A decentralised community is a good model for sustainability, as local communities will be more aware of their immediate environment and will be able to respond more appropriately to its needs, allowing for an appropriate and sustainable response to environmental change.
Community development is important not only for reacting to environmental challenges, but also for the more proactive task of building an alternative, sustainable society.
GLOBAL CHALLENGES TO HUMANITY:
Air and water pollution
Depletion of ﬁsheriee
The resource crisis
It is important that we learn to work in harmony with nature, rather than continuing in the Enlightenment tradition of trying to dominate and exploit nature.
Rather than seeking the answers from science and technology, we should be seeking the wisdom of indigenous people, who have more wisdom than Western ‘civilisation’ about how to live in harmony with the natural world.
For some it involves expression in organised religion, while for others spirituality is a more personal matter, which may be experienced in nature, in music, in physical work, in sex or in a variety of other pursuits.
Although in some societies attendance at traditional religious services has declined, there has been an apparent rise in more fundamentalist forms of religious activity, perhaps as a way of seeking certainty in an increasingly uncertain world.
There has been considerable interest in less traditional forms of spirituality, such as New Age practices and in indigenous understandings of spirituality that serve to reconnect people to the natural world.
Organised religion also provides a community experience and can give an important sense of belonging to a community.
One of the dangers is that the more fundamentalist adherents of a particular tradition will claim superior wisdom and will not accept or even tolerate alternative expressions of spirituality.
Community development needs to allow space for the expression and experience of spirituality in a variety of forms.
It is important that this be inclusive rather than exclusive. Community development can encourage inter-faith dialogue, which has proved to be very rewarding in many communities as people learn more about each other’s experiences of spirituality, rather than staying locked within their own.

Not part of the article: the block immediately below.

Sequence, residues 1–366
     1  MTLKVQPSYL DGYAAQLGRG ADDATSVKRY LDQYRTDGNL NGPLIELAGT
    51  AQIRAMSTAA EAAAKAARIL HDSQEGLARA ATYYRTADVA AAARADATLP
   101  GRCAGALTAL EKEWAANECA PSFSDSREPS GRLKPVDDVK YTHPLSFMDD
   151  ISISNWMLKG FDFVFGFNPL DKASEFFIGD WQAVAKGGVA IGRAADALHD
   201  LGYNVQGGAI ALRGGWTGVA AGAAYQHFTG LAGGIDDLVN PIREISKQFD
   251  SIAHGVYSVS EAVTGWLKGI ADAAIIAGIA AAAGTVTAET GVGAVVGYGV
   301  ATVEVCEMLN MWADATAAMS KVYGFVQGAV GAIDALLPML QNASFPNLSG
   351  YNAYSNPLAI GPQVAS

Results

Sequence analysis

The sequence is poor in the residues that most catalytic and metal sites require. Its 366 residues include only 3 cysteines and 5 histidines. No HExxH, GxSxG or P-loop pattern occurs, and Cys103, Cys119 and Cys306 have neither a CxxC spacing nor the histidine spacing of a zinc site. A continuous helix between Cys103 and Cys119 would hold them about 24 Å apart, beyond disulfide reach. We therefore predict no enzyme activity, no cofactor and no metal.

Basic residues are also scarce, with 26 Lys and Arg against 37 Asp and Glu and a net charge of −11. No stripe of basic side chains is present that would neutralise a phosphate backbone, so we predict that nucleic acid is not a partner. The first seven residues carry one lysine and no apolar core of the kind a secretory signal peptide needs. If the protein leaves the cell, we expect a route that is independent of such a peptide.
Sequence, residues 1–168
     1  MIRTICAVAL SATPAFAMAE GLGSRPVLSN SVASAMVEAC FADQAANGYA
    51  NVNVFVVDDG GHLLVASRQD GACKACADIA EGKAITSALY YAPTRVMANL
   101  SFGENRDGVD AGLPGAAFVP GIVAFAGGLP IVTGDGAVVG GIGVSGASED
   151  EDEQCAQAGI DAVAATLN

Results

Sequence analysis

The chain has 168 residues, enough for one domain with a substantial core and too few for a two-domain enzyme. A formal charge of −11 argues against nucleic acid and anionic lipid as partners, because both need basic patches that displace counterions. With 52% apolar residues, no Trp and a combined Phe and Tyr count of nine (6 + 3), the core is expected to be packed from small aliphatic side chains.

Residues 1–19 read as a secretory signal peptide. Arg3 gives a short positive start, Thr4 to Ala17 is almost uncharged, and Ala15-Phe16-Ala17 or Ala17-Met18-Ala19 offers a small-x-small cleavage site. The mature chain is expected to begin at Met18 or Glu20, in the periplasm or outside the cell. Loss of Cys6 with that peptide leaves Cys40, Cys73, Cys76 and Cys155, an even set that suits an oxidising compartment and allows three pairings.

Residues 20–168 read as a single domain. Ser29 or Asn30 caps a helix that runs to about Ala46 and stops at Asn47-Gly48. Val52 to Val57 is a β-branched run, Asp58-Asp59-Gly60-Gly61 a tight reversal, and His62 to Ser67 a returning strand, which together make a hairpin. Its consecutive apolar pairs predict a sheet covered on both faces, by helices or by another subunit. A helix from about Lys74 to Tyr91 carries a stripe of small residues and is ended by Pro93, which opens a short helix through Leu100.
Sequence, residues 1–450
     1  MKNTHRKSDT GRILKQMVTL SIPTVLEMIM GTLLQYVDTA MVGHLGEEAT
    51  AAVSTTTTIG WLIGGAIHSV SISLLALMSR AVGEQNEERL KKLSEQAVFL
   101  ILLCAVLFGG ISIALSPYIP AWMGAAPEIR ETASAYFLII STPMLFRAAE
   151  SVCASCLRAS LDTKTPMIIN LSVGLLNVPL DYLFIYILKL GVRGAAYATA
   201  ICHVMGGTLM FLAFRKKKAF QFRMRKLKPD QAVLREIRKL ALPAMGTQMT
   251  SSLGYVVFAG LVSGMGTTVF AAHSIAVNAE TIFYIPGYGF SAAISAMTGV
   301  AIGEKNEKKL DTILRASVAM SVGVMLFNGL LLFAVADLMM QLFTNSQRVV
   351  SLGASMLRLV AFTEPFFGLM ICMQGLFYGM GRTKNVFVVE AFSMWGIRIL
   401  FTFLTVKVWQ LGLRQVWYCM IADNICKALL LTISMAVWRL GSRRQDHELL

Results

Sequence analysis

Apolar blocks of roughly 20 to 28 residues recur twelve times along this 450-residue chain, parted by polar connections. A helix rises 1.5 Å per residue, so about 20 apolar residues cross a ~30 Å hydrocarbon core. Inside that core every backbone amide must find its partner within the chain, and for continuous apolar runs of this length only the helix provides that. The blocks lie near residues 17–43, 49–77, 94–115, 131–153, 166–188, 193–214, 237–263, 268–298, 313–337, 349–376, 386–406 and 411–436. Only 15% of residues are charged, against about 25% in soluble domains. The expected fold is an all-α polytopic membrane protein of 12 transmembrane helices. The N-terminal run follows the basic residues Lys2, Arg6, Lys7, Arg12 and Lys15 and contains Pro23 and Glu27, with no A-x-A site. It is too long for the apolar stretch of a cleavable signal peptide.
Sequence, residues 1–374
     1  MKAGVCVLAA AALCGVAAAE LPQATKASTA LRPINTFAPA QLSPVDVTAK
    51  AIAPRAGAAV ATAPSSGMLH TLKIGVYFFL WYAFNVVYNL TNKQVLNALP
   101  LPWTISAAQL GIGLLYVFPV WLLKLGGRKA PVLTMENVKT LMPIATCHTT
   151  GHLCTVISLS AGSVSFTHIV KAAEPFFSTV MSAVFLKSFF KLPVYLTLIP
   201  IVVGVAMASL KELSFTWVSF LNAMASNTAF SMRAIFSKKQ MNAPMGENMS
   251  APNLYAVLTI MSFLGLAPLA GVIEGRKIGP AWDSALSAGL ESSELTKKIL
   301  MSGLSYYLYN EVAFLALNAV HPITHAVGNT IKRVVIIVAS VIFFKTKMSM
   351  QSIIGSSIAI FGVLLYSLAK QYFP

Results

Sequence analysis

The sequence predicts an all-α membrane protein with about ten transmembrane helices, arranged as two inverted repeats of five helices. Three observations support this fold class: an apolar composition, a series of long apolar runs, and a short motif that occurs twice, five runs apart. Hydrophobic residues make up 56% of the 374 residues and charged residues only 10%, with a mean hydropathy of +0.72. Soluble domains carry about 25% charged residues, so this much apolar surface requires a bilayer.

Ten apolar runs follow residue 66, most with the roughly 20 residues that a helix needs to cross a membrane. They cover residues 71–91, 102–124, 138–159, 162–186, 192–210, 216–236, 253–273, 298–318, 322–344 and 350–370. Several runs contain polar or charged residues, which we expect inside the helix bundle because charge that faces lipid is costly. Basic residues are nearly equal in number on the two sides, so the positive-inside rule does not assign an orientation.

It is a common experience that at times of threat – from natural disasters or from human causes such as military invasion – communities tend to pull together.
People will help each other at times of crisis and will comment on the increase in social solidarity in the face of a common risk. These are situations when the very survival of individuals, families and communities is at stake and a perceived common threat to survival can often bring about a collective response.
In countries where basic survival rights (such as food, water, shelter, clothing and basic health care) are not adequately met, the resulting insecurity can be a powerful stimulus for community development.
Communities do not need to wait until threatening situations occur to increase social solidarity. Planning community responses for possible events in advance can be a powerful focus for development (eg. volunteer firefights and emergency services in rural communities).
This does not need to be an individual matter, it can be addressed at a community level.
Memorial services, community art, music and theatre have been used as ways for people to address together the issues thrown up by traumatic events.
although each experience of community-based trauma recovery will be unique, the fact remains that the application of community development principles can signiﬁcantly assist the trauma.
INTEGRATED COMUNITY DEVELOPMENT:
Good community development needs to take account of, and incorporate, all seven of these dimensions.
There is little point in concentrating exclusively on one, for example economic development, to the exclusion of the others, as such an approach will not even begin to tap the richness and the many layers of community experience.
It may well be that a community will have stronger needs in one area than another (eg a community may be economically well developed but culturally and spiritually weak) and this can help to set priorities for community development, but it is always the case that all seven dimensions need to be understood and addressed.
We can't just use a 'triple bottom line' approach that only takes into account economic, social and environmental dimensions. We must address the political, environmental, cultural, spiritual and the needs for basic survival to this approach.